The Rock had a new Marina on its north-western side. Parts of it were still under construction. The Marina combine fine lodging, yacht stations, restaurants, bars, cafes and a couple of pubs. The pubs were really basic and looked like extensions of people's living rooms. It reminded me of Africa, actually. The Marina was one of the nicer places to hang out in the country. But there were other spots as well. One of them was the top of the mountain, the other was the Casamates Square surrounded by shops, restaurants, cafes, and a hotel with a huge car park. In the south, towards the Europe Point with the lighthouse, by the Parsons Lodge, a fortress on the western side of the peninsula, there was a complex of swimming pools with limited facilities, but otherwise a nice spot to linger.

Restaurants:
English Pub
English Pub
There was no chance for a paella in Gibraltar, and the restaurants' names, such as Smith's Fish & Chips or Lord Nelson Bar Brasserie gave away what kind of fare one could expect for lunch or dinner. The usual British pub grub of thick chips, meaty pies, deep fried scampi with sauce, sometimes lamb chops, were all scattered around the country, and along the Main Street.

The best places for seafood, were at the new Marina Bay. The Da Paolo served Mediterranean-style fish and fruits of the sea, which were superb and for a very reasonable price. Also, at the Marina Bay, The Charlie's Tavern on the Port was less fluent in preparing nice seafood dishes, and a few steps away the Admiral Collingwood had good looking menu.

The Lord Nelson Bar Brasserie at the Casamates Square was good with traditional British dishes, but the service was rather slow. Yet, the position on the square was perfect for people watching.

Other recommendations:
Ape on the Signal Hill
Ape on the Signal Hill
Gibraltar has become more accessible for short trips as the relations with Spain improved slightly and the local authorities of the adjacent communes relaxed immigration, trade and air traffic control regulations regarding the Rock. Also, easyJet decided to open direct flights from London, joining British Airways and Monarch Airlines already serving the peculiar airport of Gibraltar, and their often offer very good fares.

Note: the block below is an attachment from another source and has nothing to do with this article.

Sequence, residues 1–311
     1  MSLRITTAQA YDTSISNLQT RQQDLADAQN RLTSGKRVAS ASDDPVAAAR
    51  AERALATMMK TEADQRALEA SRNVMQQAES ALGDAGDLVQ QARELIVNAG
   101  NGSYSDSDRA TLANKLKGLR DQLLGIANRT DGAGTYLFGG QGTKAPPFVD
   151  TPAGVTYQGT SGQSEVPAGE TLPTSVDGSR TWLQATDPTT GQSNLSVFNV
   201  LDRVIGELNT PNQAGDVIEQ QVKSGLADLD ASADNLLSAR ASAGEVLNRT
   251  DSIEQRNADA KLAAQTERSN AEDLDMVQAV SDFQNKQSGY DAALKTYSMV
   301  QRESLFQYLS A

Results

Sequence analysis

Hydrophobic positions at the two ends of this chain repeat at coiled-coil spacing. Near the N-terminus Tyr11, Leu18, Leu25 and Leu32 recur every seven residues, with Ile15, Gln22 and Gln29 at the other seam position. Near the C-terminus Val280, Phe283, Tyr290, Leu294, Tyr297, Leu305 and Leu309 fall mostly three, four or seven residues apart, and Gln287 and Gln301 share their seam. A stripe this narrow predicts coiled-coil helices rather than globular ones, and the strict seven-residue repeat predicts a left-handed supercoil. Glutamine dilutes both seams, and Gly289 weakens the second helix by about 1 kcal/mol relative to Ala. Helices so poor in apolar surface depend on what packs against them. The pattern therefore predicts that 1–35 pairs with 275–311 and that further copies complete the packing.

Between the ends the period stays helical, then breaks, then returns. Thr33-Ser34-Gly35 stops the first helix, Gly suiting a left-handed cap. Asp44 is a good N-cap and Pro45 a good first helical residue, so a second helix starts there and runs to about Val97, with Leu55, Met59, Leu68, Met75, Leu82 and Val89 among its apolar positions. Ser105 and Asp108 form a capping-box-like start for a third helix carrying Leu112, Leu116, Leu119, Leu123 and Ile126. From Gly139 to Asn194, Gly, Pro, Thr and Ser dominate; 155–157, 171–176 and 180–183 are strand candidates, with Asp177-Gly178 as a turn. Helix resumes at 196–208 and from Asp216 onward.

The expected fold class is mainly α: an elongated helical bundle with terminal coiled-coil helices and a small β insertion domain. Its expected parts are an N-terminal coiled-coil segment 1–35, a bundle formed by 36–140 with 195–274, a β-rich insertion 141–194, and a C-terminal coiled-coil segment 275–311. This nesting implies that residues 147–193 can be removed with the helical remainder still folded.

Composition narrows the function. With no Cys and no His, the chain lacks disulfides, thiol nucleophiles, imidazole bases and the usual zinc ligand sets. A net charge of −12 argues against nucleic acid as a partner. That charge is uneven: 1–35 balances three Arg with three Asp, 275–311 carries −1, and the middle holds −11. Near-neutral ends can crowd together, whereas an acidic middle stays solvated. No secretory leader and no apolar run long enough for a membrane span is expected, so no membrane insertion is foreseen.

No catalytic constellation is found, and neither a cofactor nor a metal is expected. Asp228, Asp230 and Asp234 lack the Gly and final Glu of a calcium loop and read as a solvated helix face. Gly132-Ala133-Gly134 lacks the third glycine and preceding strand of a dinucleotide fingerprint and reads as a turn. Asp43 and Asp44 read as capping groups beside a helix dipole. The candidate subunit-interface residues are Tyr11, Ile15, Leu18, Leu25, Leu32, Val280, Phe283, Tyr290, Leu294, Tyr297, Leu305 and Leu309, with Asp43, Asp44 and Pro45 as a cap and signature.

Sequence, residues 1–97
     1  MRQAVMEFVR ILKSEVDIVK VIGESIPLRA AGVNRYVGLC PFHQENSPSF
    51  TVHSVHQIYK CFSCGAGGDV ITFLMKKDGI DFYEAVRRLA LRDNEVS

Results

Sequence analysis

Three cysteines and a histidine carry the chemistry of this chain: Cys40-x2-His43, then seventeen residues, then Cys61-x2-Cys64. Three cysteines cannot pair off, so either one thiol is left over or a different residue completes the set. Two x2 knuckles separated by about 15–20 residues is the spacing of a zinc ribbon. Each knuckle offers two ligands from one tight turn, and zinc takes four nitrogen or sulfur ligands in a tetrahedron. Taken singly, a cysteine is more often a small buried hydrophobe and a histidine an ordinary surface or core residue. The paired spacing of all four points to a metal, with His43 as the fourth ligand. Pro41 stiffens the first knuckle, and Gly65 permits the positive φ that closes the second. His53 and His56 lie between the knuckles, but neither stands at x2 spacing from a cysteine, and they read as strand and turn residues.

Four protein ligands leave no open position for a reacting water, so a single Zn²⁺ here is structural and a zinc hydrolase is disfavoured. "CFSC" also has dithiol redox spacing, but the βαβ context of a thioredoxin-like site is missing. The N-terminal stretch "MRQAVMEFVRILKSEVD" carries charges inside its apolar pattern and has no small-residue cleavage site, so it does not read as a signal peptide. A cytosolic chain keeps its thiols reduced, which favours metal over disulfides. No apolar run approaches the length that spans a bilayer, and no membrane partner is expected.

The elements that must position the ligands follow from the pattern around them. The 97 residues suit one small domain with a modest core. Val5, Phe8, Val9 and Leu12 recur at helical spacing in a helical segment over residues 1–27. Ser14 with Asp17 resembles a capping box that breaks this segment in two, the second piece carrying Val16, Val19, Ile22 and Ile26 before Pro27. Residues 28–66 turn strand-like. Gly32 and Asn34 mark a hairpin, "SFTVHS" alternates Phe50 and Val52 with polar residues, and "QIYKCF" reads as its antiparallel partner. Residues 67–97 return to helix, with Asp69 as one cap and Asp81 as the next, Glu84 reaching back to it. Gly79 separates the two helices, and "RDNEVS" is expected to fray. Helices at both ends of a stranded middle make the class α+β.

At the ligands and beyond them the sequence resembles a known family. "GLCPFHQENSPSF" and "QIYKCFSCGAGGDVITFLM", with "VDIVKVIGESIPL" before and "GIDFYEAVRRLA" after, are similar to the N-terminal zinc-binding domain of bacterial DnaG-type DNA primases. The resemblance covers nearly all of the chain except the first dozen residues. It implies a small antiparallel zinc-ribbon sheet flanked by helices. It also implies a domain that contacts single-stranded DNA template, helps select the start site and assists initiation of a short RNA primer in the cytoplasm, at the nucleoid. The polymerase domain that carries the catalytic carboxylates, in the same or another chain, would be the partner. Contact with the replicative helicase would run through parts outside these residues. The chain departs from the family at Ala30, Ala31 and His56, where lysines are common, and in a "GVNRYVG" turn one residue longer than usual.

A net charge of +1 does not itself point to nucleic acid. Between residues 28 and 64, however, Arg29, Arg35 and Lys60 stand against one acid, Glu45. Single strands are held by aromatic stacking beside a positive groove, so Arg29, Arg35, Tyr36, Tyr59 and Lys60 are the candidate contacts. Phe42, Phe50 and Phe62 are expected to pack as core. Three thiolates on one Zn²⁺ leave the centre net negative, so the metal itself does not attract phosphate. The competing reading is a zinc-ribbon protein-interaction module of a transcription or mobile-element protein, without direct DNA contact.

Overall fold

The local currency, the Gibraltar Pound, is pegged to the UK's sterling at parity. Whilst the banknotes are completely different to those used in the kingdom (with slightly prettier picture of the Queen), coins look almost exactly the same. However, unless shop assistants do not pay particular attention, one would not be able to use them in Britain. The banknotes will definitely not work at all. So, it is better to spend everything or ask for change in euro or sterling. In Gibraltar, they accept the UK's currency, and business would happily oblige.

Published on Wednesday February 4th, 2009


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Tue, Feb 10 2009 - 10:02 AM rating by kwongmei

Another place i havent heard of, but you were there ;-)!

Thu, Feb 05 2009 - 02:04 PM rating by frenchfrog

HKrys, this a brillant report (as always!). Thanks for sharing your experience. I love your Monkey pic!

Thu, Feb 05 2009 - 01:21 PM rating by jorgesanchez

Personally, being Spanish, I do not like this colony in our territory, but.... your report is wonderful.

Thu, Feb 05 2009 - 07:38 AM rating by basia

Krys, the report contains a lot important advices for persons locomotive severally. Me, fortunately, avoided troubles with the seek of night′s lodgings and meals , because I was in Gibraltar with the excursion and all was earlier settled and well-fitting to us. Pleased to me St Michael′s Cave, and monkeys were polite, because earlier fed.

Wed, Feb 04 2009 - 11:08 PM rating by jacko1

A good report with a lot depth and detail, I learn from you constantly.